These spiders weave large, vertical orb shaped webs. They either reside near or right in the center of the web. Either way, they are connected by a thread to determine if a meal has landed. An unlikely fact I learned is that the spider usually eats the web at night, and recycles the proteins contained within to create a new web the following day. That's a lot of work!

Here's a tasty meal all wrapped up for consumption. It's hard to tell, but it looks like a yellow jacket. We get a lot of those around the cabin. Can't say that I feel bad about it getting caught. -- Margy

References: www.Spiders.us (online), Post Defiance blog by Katy Evans (online), and Cross Orbweaver at Bugguide.net (online)

Saturday, October 15, 2016

Coastal BC Birds: Song Sparrow

Song Sparrow

A Song Sparrow visits the cabin in January 2016.
Last winter I noticed a Song Sparrow for the first time. He came on a rainy day and I tossed birdseed out to see what would happen. He ended up sticking around all winter to eat lots more from my feeder.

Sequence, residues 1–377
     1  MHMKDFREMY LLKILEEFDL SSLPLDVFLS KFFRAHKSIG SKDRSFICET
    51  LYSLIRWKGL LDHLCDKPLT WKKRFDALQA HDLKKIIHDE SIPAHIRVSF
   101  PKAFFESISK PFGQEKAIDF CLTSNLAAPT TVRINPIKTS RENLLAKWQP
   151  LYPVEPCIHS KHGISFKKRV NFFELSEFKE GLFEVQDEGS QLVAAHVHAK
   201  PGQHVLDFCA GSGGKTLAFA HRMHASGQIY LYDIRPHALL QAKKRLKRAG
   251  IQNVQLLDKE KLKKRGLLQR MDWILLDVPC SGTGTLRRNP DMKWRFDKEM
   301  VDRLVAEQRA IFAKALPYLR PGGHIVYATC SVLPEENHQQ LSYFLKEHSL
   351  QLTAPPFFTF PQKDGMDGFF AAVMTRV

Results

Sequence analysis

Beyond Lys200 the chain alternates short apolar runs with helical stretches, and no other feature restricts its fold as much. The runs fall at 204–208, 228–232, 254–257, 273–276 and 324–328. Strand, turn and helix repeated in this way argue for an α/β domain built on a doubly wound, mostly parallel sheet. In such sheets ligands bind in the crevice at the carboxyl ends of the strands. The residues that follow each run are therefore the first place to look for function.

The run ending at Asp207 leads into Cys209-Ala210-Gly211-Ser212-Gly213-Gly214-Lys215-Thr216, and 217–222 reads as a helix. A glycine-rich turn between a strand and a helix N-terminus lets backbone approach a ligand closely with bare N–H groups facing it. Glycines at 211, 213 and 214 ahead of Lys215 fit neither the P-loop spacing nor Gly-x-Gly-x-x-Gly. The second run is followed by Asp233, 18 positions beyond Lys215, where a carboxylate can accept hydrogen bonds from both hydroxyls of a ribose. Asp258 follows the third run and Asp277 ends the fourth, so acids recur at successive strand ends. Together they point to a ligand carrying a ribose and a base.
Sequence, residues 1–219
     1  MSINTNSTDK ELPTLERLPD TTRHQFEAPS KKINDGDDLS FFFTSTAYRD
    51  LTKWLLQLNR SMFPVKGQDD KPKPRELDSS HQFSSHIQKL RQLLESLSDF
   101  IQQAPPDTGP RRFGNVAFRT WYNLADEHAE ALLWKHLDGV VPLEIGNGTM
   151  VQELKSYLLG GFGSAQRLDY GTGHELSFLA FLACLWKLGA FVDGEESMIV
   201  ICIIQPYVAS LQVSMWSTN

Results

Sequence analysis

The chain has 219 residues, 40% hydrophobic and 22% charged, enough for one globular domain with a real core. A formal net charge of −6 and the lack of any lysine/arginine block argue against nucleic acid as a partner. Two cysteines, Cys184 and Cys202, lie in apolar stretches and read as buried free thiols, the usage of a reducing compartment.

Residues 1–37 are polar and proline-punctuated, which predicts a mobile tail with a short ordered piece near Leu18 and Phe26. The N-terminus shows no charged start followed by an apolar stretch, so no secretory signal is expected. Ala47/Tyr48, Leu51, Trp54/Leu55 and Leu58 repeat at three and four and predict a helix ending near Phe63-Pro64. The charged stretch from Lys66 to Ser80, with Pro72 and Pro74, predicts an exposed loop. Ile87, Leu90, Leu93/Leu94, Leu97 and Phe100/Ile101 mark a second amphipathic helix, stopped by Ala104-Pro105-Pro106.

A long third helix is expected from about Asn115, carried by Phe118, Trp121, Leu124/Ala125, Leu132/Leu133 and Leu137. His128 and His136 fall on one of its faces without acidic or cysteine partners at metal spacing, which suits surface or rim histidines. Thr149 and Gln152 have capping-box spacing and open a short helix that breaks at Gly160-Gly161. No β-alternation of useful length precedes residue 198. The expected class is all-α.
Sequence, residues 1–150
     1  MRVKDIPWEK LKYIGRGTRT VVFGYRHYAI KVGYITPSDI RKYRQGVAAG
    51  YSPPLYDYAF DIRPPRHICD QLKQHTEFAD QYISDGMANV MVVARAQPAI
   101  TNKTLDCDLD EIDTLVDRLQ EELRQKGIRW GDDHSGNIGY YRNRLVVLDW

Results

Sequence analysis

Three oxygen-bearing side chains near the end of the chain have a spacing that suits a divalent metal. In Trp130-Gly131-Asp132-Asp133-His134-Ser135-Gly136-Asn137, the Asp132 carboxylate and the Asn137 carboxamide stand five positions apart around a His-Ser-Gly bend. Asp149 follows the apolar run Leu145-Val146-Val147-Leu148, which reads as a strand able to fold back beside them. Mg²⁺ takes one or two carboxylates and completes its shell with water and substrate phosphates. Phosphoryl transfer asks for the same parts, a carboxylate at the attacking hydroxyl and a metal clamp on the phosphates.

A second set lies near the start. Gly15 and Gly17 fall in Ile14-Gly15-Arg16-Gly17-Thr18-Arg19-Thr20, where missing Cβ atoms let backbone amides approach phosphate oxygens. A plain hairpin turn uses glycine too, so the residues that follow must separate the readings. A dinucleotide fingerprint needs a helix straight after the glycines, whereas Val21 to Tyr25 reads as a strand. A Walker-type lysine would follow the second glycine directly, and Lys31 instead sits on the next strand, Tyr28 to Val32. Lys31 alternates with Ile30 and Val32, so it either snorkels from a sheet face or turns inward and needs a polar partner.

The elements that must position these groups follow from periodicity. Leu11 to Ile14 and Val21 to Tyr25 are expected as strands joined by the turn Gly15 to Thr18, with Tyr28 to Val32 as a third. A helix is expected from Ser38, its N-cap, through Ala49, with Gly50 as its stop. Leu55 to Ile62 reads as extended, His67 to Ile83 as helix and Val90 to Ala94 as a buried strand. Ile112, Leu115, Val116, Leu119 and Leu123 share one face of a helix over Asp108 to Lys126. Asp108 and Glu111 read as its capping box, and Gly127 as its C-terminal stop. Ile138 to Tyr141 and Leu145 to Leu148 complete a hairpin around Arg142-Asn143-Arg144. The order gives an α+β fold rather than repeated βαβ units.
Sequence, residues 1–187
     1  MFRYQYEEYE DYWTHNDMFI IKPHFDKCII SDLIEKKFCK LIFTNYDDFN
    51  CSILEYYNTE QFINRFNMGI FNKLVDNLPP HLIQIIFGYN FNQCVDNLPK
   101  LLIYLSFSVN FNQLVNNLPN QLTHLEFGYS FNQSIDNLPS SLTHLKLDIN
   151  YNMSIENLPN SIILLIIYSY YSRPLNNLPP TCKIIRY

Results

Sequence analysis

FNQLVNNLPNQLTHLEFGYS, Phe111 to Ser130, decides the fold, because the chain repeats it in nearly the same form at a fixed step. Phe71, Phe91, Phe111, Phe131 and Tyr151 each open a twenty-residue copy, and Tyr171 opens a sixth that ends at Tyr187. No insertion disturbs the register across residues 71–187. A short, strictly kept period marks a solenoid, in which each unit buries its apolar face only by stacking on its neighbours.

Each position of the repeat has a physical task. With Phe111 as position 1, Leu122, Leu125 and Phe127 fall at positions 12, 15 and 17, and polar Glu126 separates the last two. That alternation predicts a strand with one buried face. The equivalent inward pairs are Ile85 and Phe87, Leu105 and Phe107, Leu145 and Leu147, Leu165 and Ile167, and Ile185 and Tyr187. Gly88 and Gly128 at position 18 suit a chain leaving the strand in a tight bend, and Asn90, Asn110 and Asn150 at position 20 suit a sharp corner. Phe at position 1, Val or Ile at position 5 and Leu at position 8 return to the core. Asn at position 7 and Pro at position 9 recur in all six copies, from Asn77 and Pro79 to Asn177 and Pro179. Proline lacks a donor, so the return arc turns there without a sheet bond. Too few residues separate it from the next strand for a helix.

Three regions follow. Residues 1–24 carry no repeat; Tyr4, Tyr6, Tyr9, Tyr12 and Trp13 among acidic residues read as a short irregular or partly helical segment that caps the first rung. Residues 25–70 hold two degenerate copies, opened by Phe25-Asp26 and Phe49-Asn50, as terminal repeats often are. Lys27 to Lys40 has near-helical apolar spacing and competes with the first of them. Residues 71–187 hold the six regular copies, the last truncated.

I assume it was a male because they winter farther north to get early access to prime breeding areas. Spring came, and sure enough he disappeared.

A Song Sparrow returns to our cabin in late October 2016.

Then, guess who returned, Mr. Song Sparrow. I'm glad to have him to keep us company again this winter. The seed feeder is ready to help him to stay plump and fat.

Song Sparrows are year-round residents of Coastal BC. However, I don't hear their melodic songs because it's outside of the breeding system. Here's my Song Sparrow giving his common chip note.

He flies is short, fluttering bursts, giving me lots of time to get good pictures. While he's perched, usually on the ground, he continues to flutter, hop and flick his tail in a friendly sort of way. I'm so glad he returned, at least I like to image he's my old friend who has adopted the underside of my cabin as his winter cottage.